Above is a cowl I made on Christmas day. Can you believe it took me three months to show it here? I took this Noro yarn with me in the car on the way to K's parents' house and had this cowl by the time we arrived.
I used half double crochet, crocheting in the back loop only every other row to create the ribbing.
I found the wooden buttons at the flea market.
The yarn is beautiful and the cowl is so warm. I'll be putting it away soon because I've heard the sunshine is coming back. I look forward to pulling it out again next fall.
Next up: socks! I've just got to weave in the ends and take some photos.
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I hope you're having a lovely week.
I'm on spring break! Someone asked me what I was doing over the break and all I could say was, "Sewing!" It's true, my sewing machine has been humming every day. Lots going on here...
I was instantly smitten when I first saw the Tyrol Hat. It's colorful and old-fashioned--perfect for early morning walks through dew-covered meadows and mist-shrouded woods. When I saw the pattern on the Lovely World blog, I knew I'd be making it, regardless of the facts that warm weather is fast approaching, I don't actually live near any woods, and this hat is meant for a small child. I wanted a Tyrol Hat, and so I made one.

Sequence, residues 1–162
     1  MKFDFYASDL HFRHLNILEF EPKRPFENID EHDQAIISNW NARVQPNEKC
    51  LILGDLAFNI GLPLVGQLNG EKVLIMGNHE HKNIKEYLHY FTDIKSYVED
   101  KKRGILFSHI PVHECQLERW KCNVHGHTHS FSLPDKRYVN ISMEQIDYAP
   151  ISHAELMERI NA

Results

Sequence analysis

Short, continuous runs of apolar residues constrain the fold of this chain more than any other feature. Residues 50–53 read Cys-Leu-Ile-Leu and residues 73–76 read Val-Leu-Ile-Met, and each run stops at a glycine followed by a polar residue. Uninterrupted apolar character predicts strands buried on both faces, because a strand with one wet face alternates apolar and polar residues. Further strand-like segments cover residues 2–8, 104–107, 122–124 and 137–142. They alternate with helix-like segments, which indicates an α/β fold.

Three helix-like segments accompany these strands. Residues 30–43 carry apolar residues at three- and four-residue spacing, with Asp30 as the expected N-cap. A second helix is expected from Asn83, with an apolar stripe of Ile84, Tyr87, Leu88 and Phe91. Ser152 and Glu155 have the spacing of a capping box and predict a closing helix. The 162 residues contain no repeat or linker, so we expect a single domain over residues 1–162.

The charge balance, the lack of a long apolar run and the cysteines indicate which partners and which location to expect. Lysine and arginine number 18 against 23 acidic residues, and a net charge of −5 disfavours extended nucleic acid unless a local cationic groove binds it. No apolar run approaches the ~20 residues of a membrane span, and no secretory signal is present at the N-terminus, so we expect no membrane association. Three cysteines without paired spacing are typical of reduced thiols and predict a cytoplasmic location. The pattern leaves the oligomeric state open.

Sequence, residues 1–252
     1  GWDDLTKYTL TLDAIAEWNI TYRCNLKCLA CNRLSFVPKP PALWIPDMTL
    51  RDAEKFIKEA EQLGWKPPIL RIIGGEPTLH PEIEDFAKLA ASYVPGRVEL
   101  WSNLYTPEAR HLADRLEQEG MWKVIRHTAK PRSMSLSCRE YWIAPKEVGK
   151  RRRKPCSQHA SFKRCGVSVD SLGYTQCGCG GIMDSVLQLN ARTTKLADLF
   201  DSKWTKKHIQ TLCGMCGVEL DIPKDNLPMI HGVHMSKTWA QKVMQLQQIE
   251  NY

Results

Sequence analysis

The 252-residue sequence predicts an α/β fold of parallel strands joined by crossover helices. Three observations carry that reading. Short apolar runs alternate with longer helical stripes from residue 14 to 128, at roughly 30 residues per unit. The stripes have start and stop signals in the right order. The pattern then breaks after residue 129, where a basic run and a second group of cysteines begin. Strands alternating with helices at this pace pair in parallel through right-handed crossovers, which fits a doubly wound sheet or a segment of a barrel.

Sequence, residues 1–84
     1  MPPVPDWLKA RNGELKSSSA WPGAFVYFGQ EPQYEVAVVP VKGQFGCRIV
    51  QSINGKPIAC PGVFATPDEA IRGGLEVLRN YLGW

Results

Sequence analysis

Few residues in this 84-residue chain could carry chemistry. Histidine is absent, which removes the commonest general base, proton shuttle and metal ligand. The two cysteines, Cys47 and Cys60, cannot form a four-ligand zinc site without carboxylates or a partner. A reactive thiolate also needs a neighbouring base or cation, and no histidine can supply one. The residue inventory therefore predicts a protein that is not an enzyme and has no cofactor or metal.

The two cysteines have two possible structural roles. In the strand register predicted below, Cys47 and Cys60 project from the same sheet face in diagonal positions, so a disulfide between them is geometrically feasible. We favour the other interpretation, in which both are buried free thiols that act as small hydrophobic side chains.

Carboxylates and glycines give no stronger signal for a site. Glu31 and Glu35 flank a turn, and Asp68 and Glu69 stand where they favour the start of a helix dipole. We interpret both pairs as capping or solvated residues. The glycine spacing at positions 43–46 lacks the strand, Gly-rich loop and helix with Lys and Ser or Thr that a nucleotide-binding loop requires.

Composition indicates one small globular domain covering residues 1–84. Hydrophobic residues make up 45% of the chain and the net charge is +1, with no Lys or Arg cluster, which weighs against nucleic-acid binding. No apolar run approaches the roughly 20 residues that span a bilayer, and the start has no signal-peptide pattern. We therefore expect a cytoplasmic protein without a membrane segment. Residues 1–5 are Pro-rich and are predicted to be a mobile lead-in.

My mom calls this a headwarmer. She had one like it growing up, and that's what she called it. I think it seems right.
Making this headwarmer was so much fun. I spent quite a few frenzied hours in the library, crocheting and trying to keep one eye on my reading (this method will make you go a little cross-eyed!). I finished it up while watching part of Ken Burns's National Parks series, which I would highly recommend. The parks are just breathtaking, and I love learning about their history!
I am really happy with the way my Tyrol hat turned out and will definitely be wearing it if we have any more cold mornings. I may not have woods within walking distance, but I've got lots of neighborhood streets to roam through.
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If you'd like to try making this hat for yourself or someone you know, you can find the pattern online here.
Since the pattern is for a child's headwarmer, I had to modify to fit my adult-sized head. I listed my modifications on ravelry, but here they are:
Used G hook (instead of F)
Chained 10 extra at the beginning of the center section, making the whole thing 10 dc bigger
Sewed the granny squares to the center section (instead of crocheting them to connect)
Used 3 39-inch strands of yarn for each tie. I folded the 3 strands in half, then looped them through the bottom corner of the granny square (like fringe). Then I braided them, holding 2 strands together.